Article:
Nine months after the death of owner Homaro Cantu, Chicago’s Moto Restaurant was sold by his widow and current owner Katie McGowan to the Alinea Group.
McGowan said in a statement that selling the restaurant was a “bittersweet decision” that “comes after deep reflection of the lasting impact” that her husband made with his restaurant.
Homaro Cantu launched Cantu Designs as well as being the executive chef of Moto. Cantu Designs is a revolutionary food technology, and Moto is one of the country’s most advanced in the niche of molecular gastronomy.
“Looking to the future, I am pleased to have come to an agreement with Nick Kokonas, Grant Achatz and the Alinea Group,” McGowan said. “I am inspired by their innovation and pioneering spirit, and wish them all the best with their new project. I can’t wait to see their vision and thank them for taking over the space as I begin a new chapter.”
Chicago-based SP Plus Corporation has signed an important contract with MGM Resorts International. SP Plus will take responsibility for all the paid parking at all non-union properties.
SP+, an alternative form of the company name, now operates almost 4,000 parking lots in North America. When SP+ takes charge of the Las Vegas lots on the Strip, about 400 employees who are employed by those facilities will become employees of SP+. For now it is not known what will become of the unionized parking lot attendants, but at least according to the Las Vegas Review-Journal, the company would like to find a way to transition those workers to additional employees of SP+.
The plan for SP+ to take over the parking on the Strip is highly controversial. It has been a tradition that all parking on the Strip has been free for MGM’s nine facilities which are located there. The decision by MGM to contract with SP+ and begin charging for parking has been met with much criticism.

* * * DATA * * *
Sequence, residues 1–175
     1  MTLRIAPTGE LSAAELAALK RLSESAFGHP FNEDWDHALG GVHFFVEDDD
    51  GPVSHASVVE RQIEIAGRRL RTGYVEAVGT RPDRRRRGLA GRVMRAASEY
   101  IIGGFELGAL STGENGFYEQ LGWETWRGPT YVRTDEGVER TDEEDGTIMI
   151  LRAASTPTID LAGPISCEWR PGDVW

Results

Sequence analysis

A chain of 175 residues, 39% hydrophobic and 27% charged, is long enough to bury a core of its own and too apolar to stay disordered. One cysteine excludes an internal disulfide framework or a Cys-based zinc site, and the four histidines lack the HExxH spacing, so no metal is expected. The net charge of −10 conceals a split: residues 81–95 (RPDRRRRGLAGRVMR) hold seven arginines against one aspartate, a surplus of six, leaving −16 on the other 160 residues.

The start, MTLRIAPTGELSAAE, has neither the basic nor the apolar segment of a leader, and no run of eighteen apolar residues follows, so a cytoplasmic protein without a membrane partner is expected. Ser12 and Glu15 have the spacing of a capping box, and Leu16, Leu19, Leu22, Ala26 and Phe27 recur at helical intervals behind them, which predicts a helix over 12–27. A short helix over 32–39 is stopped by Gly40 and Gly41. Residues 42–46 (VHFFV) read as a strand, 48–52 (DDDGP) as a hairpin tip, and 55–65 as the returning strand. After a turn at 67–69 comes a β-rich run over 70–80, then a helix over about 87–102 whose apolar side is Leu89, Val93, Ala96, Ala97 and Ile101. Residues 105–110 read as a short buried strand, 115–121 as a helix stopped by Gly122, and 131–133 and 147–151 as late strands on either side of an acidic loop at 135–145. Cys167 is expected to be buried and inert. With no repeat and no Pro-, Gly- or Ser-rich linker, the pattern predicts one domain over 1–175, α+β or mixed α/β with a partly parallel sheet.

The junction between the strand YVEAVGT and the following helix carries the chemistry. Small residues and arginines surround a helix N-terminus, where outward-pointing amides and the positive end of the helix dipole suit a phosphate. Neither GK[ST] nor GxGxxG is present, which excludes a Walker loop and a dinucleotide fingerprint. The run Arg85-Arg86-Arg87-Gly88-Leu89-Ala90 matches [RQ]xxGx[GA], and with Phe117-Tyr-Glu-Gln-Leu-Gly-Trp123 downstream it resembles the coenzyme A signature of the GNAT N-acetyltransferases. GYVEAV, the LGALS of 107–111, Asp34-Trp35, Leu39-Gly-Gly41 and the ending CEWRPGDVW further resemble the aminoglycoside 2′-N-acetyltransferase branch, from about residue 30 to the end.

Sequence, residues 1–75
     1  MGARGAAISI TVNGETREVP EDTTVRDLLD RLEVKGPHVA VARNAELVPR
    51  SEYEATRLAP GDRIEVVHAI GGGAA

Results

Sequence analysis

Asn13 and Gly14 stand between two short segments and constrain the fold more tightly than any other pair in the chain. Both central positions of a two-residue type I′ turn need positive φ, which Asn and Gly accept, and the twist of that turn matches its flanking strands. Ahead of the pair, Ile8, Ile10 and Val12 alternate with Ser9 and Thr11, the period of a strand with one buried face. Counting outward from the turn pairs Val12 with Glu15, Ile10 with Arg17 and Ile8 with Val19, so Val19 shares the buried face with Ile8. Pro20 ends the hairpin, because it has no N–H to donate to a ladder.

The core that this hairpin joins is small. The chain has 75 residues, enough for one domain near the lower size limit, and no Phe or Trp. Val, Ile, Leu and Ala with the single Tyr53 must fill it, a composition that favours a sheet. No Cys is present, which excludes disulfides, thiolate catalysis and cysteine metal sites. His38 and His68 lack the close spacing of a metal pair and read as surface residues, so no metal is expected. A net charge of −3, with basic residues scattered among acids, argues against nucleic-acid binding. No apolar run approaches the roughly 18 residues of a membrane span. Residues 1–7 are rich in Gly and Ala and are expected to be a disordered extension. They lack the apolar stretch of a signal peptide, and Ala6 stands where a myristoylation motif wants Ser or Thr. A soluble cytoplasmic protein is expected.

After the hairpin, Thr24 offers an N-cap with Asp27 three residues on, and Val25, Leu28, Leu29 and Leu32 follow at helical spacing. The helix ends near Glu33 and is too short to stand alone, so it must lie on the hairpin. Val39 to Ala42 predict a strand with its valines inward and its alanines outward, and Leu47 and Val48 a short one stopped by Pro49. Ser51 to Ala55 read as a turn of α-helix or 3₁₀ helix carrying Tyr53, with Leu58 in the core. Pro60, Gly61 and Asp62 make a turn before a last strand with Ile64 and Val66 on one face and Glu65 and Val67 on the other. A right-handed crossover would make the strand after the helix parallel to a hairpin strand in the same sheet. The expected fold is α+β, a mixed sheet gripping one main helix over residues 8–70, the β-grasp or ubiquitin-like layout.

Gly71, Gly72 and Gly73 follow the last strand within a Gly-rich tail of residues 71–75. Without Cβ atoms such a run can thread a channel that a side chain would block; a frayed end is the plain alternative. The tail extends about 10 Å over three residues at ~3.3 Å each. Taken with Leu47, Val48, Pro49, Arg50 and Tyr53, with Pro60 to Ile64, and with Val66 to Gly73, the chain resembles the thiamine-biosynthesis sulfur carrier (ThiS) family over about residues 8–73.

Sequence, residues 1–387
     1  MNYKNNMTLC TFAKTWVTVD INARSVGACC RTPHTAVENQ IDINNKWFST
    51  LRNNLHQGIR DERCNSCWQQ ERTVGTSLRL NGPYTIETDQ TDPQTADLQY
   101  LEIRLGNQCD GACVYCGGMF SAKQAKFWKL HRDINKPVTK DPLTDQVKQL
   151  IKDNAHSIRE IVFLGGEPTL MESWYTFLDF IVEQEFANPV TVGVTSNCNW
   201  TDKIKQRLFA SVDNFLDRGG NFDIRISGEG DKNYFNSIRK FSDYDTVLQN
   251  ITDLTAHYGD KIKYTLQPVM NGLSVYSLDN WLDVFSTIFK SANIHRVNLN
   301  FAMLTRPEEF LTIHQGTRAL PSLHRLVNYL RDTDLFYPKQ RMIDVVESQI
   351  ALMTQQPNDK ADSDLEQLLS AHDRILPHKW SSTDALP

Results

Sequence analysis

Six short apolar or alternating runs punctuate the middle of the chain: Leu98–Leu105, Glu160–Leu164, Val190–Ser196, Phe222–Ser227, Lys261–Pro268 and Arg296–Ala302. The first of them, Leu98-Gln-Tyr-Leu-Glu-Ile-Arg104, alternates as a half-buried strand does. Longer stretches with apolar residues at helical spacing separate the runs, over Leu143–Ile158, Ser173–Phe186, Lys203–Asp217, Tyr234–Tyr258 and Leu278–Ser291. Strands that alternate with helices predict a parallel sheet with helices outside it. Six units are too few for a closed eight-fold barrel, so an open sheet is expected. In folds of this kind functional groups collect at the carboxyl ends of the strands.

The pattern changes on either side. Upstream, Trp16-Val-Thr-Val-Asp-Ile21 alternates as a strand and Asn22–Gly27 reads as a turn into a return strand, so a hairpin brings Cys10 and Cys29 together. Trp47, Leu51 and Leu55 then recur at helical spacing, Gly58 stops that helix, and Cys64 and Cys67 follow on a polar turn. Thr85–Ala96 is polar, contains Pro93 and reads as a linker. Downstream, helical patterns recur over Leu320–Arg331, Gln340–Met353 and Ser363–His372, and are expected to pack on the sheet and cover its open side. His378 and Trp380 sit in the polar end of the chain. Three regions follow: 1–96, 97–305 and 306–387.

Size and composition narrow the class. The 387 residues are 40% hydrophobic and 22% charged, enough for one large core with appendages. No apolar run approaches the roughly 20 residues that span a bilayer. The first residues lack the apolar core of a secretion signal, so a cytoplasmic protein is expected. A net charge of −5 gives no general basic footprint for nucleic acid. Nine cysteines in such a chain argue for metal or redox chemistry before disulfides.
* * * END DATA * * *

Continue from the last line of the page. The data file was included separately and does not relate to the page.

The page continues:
It is also not known what else is included in the deal. According to the Associated Press, MGM is planning to spend $90 million to improve its parking, including the building of a new 3,000-car garage.
According to a new report from Crain’s Chicago Business, there are 10 professions which are now popular in the Chicago area, mostly associated with the health care or high tech sectors.
The report described the 10 most sought-after professions that pay at least $60,000. The study used projections from the US Bureau of Labor and Statistics in addition to interviews with local staffing professionals.
The job with the highest growth potential is industrial organizational psychologist. The prediction of growth for this profession is 53 percent over the next ten years. Salaries in this field range from $83,500 to $112,300. It is expected that in general the coming decade should show a high demand for experienced psychologists working for corporations.
Another field poised for large growth is that of diagnostic medical sonographers. Growth is expected to be about 46 percent over the coming decade.